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  5. An Eternal Perspective: Jesus never seems to get tired of reminding us to keep an eternal perspective on things. “Do not be afraid of those who kill the body but cannot kill the soul.” Earth is not our final destination. Life in this world is a preparation for eternal life. We have a mission and an adventure to live out for a few years here below, and then, when our mission is done and our souls are ready, Jesus calls us home to the Father’s house in heaven. This truth, repeated over and over again by Jesus in so many ways throughout the Gospels, can be a source of great strength, and joy, and peace for us, if we let it really sink in to our hearts and minds. St. John Chrysostom, Patriarch of Constantinople in the fourth century under very powerful and very corrupt emperors, was exiled multiple times because he refused to compromise his preaching of the Gospel. In a sermon given during times of trouble and persecution, he powerfully expressed this connection between keeping an eternal perspective and having peace and courage in the midst of trials: “The waters have risen and severe storms are upon us, but we do not fear drowning, for we stand firmly upon a rock. Let the sea rage, it cannot break the rock. Let the waves rise, they cannot sink the boat of Jesus. What are we to fear? Death? Life to me means Christ, and death is gain. Exile? The earth and its fullness belong to the Lord. The confiscation of goods? We brought nothing into this world, and we shall surely take nothing from it. I have only contempt for the world’s threats, I find its blessings laughable. I have no fear of poverty, no desire for wealth. I am not afraid of death nor do I long to live, except for your good. I concentrate therefore on the present situation, and I urge you, my friends, to have confidence.”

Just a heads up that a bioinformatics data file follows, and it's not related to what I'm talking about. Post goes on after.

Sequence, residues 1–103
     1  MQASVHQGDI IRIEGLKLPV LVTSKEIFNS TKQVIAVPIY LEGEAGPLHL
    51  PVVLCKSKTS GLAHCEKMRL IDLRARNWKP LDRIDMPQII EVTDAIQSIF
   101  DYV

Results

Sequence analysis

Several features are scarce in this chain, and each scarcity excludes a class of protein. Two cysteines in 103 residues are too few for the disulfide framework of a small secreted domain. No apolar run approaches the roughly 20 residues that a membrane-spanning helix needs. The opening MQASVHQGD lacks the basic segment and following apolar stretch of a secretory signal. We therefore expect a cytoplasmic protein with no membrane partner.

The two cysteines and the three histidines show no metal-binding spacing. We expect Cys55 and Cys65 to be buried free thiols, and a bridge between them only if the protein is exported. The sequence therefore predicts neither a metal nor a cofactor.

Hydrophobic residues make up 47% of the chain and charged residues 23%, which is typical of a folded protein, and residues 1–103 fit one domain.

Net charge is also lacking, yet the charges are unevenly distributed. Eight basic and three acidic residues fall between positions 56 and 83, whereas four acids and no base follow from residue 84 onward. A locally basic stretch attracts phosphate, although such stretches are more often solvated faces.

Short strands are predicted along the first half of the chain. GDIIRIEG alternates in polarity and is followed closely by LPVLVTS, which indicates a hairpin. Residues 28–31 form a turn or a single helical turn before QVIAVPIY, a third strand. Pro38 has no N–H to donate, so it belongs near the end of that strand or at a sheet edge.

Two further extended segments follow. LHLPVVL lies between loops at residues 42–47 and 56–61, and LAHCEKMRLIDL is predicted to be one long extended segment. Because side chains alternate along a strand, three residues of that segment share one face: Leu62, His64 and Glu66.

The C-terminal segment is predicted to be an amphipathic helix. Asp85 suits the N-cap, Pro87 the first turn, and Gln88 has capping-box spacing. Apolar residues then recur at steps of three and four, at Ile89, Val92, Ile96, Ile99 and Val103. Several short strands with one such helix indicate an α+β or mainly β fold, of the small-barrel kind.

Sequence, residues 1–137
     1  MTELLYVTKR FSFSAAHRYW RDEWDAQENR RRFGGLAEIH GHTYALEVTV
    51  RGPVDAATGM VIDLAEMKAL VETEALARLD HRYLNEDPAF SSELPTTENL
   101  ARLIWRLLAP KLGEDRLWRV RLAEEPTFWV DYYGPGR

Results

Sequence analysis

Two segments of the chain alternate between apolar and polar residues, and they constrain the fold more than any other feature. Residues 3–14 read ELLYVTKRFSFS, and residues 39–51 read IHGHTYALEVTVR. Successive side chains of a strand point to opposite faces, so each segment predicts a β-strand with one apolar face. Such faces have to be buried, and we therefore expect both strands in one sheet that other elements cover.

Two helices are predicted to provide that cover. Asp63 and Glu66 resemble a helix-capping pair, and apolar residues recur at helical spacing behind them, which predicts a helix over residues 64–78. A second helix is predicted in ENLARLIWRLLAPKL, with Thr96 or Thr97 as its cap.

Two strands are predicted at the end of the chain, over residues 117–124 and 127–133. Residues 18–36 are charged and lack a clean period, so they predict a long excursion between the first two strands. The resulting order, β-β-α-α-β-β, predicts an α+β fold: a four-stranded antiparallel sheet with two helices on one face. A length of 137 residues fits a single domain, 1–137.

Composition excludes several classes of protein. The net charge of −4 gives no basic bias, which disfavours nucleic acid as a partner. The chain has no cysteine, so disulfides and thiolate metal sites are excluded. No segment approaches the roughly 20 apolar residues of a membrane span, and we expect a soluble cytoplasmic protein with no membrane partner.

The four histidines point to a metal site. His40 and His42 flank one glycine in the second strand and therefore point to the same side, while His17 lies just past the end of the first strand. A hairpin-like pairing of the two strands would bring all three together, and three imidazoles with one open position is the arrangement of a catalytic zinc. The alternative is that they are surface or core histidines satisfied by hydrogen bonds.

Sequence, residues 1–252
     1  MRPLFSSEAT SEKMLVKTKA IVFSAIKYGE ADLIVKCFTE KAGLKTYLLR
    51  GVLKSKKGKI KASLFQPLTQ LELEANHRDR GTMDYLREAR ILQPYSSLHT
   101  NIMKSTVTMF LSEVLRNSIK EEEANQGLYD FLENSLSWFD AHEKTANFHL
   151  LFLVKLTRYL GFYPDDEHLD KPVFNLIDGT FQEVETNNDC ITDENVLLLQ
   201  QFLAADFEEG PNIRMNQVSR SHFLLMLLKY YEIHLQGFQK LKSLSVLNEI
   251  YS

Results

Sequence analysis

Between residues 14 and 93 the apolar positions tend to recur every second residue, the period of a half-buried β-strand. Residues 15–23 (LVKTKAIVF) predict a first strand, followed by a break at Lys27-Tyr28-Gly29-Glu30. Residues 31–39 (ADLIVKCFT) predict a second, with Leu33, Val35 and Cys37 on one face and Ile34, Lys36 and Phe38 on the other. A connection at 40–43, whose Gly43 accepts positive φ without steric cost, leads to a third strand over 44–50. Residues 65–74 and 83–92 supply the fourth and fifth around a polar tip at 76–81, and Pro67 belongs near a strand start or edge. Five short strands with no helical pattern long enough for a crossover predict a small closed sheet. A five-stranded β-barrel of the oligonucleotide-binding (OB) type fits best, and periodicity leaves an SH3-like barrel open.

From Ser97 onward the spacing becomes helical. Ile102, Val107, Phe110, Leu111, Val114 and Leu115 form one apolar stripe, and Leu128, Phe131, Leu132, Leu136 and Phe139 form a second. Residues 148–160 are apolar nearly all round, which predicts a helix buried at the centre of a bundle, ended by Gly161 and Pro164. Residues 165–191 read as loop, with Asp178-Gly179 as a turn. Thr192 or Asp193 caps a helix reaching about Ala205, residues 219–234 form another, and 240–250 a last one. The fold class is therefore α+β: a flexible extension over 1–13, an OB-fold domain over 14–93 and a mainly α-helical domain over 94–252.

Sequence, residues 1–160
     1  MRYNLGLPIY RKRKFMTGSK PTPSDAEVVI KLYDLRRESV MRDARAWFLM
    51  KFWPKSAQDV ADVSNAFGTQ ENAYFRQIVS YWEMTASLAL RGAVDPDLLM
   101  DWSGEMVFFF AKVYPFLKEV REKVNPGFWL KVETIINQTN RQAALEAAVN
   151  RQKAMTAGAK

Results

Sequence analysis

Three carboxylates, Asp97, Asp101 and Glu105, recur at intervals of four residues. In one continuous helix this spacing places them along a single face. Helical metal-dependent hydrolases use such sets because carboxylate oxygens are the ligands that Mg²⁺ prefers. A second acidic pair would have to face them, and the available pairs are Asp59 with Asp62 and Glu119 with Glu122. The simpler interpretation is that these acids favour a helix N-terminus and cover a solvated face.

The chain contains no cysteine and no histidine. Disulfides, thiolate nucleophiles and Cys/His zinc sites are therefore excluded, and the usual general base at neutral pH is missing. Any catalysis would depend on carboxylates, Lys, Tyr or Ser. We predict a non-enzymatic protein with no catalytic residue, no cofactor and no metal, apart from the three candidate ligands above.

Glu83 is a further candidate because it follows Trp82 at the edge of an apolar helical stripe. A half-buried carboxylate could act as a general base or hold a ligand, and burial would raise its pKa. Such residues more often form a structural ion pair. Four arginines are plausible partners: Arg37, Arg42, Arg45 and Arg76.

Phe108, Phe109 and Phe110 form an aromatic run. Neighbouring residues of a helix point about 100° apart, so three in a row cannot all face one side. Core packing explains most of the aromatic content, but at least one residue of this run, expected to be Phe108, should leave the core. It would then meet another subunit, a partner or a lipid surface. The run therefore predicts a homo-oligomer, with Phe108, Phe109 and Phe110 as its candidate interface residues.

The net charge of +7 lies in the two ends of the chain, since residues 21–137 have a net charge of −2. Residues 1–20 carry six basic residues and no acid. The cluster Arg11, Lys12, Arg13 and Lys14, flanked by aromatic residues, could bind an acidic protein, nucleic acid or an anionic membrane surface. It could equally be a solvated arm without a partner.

Conversing with Christ: Lord, when I am able to quiet my thoughts enough to see what is really in my heart, I have to admit that I don’t find as much confidence in you as I would like to have. It is hard for me to believe, fully and deeply, that you really care even about how many hairs are on my head. It is hard for me to accept what you have revealed about how constantly and lovingly you think of me. It is hard for me to hope in the power of your grace working through me when I am so familiar with my own weaknesses and failures. Lord Jesus, I want to be your ambassador, your witness, your soldier—but I need your grace to take even the smallest step forward! Please increase my faith. Please reveal your goodness and your love to my heart in a new and deeper way today.

 

Resolution: Lord, today by your grace I will visit a cemetery to pray for the dead and also to try and nourish in my own mind and heart the life-giving perspective of eternity that you presented to me in today’s Gospel.

 

For Further Reflection: Spiritual Smoothie: What’s the Cure for Discouragement?

 

Written by Fr. John Bartunek, LC.